G7 Meeting in Munich: Yeltsin hopes for wave of foreign cash

THE GROUP of Seven rich industrial countries yesterday responded favourably to Russia's request for a moratorium on foreign debt repayments, but warned President Boris Yeltsin that he must urgently free the energy and farm sectors of his economy if reforms were to be successful.

Both Mr Yeltsin and Helmut Kohl, the German Chancellor who hosted the Munich summit, confirmed that debt relief was in prospect. The Russian President indicated he expected a 'powerful wave' of private foreign investment now that his country had reached agreement on economic reforms with the International Monetary Fund, which will soon release a dollars 1bn (pounds 529m) loan to Moscow.

Seeking to reassure the international community at the end of the summit, Mr Yeltsin said fears of a Communist-inspired coup in Russia were baseless, and he predicted that, by the end of his presidency in 1994, the reforms would be irreversible.

Mr Yeltsin, who held talks with the seven leaders after the summit yesterday, was vague on the details of his request for a foreign debt moratorium. But G7 officials believe he wants a suspension of interest and debt principal payments on the former Soviet Union's dollars 70bn of foreign debt for up to two years. A decision will be taken by the Paris Club of Western creditor governments and the G7's positive attitude is bound to influence the outcome.

Mr Yeltsin said the partial agreement with the IMF on a first phase of economic reforms meant 'the gates are now open wide. We can now expect a powerful flow (of foreign investment) in the Russian market - there is no such market in the world.'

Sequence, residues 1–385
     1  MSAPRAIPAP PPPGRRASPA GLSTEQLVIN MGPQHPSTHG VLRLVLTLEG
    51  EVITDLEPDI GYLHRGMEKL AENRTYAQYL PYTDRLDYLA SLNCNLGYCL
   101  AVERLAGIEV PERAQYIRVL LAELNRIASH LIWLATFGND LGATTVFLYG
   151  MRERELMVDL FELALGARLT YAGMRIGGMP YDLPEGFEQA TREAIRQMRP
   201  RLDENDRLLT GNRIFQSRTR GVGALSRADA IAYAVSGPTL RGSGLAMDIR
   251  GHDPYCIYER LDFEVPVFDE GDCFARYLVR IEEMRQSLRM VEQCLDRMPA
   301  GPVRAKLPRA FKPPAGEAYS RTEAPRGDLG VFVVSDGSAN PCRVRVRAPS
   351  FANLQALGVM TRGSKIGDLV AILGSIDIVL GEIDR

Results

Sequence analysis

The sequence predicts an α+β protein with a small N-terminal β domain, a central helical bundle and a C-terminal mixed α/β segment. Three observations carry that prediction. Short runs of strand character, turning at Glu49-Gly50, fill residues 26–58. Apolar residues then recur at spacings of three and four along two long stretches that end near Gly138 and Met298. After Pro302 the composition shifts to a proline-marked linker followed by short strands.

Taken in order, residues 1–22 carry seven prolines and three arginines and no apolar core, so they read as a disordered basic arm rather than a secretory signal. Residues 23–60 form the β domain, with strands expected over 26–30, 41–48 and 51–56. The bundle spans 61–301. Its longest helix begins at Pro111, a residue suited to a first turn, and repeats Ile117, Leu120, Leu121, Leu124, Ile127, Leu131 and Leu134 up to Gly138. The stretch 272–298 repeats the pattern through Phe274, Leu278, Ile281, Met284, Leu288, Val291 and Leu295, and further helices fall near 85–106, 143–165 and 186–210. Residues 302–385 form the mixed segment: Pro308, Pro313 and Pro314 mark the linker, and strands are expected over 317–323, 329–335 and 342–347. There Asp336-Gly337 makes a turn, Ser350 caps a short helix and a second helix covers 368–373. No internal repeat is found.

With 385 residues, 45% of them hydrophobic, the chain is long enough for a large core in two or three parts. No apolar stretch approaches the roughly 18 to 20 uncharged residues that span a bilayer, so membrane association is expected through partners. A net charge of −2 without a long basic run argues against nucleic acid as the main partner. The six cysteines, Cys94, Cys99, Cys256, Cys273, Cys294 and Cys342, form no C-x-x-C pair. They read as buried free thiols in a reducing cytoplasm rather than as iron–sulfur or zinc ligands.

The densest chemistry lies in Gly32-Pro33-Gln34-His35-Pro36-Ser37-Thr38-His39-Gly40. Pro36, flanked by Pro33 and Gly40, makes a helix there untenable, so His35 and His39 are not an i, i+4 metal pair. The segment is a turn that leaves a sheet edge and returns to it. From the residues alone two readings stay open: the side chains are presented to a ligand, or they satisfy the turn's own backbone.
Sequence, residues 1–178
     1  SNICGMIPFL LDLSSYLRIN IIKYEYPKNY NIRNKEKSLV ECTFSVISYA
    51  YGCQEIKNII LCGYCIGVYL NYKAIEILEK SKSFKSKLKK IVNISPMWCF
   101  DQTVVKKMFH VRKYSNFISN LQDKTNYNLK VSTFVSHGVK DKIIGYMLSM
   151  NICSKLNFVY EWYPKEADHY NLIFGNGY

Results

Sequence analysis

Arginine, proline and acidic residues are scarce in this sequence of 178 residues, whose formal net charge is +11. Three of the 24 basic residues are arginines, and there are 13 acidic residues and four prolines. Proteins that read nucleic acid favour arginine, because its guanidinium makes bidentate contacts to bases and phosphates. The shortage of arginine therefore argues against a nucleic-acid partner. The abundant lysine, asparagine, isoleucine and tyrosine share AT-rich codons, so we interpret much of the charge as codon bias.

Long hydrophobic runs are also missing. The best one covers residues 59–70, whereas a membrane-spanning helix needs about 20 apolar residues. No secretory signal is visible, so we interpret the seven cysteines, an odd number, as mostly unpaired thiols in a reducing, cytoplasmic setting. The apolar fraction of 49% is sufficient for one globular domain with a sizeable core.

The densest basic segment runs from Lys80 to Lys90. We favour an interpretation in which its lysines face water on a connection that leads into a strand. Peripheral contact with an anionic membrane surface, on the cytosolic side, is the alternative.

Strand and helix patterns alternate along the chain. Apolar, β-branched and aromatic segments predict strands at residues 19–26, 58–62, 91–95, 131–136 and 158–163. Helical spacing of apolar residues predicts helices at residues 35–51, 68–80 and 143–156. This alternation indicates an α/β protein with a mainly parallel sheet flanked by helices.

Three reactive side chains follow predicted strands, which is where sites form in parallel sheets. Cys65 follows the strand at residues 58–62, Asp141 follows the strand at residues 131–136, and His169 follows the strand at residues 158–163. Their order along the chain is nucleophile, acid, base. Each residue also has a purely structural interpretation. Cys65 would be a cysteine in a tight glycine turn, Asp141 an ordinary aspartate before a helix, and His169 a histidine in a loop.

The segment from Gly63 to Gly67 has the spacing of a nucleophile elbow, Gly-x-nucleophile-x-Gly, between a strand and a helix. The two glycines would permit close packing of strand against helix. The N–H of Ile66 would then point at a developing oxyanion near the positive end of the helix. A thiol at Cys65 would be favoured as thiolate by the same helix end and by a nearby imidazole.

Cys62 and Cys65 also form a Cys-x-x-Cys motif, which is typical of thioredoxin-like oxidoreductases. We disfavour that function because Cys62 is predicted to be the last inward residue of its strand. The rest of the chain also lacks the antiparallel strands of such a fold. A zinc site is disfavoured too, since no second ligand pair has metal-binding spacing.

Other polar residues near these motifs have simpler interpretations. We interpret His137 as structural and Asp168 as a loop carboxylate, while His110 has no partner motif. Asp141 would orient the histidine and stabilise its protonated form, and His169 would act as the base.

He talked of foreign investment of the order of dollars 100bn, dwarfing the official planned assistance programme of dollars 24bn. But the G7 believes most investment will be in energy. Its request that Russia's energy prices be allowed to float to world levels and the energy sector opened up to foreign investment indicated that the West was not sure the conditions were right for large-scale foreign investment.

President Bush warned: 'I don't know that there's enough money in the world to instantly solve the problems of the Russian economy.'

Mr Yeltsin nevertheless asked the Seven to provide insurance for foreign investors in Russia against political risk. He added that new decrees in Russia would offer foreign investors the guarantees they have asked for. John Major said Britain would free dollars 500m of previously frozen export credit guarantees for goods to Russia.

Mr Kohl revealed that the G7 had established yet another institution: a consultative group of the G7, Russia and institutions such as the IMF which would meet periodically to identify problems affecting the free-market reforms.

Mr Yeltsin informed the summit that Russia's situation, and therefore the pace of the reforms, was unique, but the G7 told the Russian President that 'substantial sacrifices' would be needed if the economic transition were to succeed. One of those was land reform, which should in theory boost farm output and reduce expensive imports. Mr Yeltsin played down the costs of failed reforms, and warned that if they did not work, 'the repercussions would be felt around the world'.

(Photograph omitted)